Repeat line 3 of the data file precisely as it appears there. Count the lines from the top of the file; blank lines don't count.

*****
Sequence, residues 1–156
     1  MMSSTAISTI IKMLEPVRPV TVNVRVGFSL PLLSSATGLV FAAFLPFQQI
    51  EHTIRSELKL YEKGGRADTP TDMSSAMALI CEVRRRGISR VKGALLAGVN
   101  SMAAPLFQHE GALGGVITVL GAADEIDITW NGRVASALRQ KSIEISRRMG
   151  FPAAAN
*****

    51  EHTIRSELKL YEKGGRADTP TDMSSAMALI CEVRRRGISR VKGALLAGVN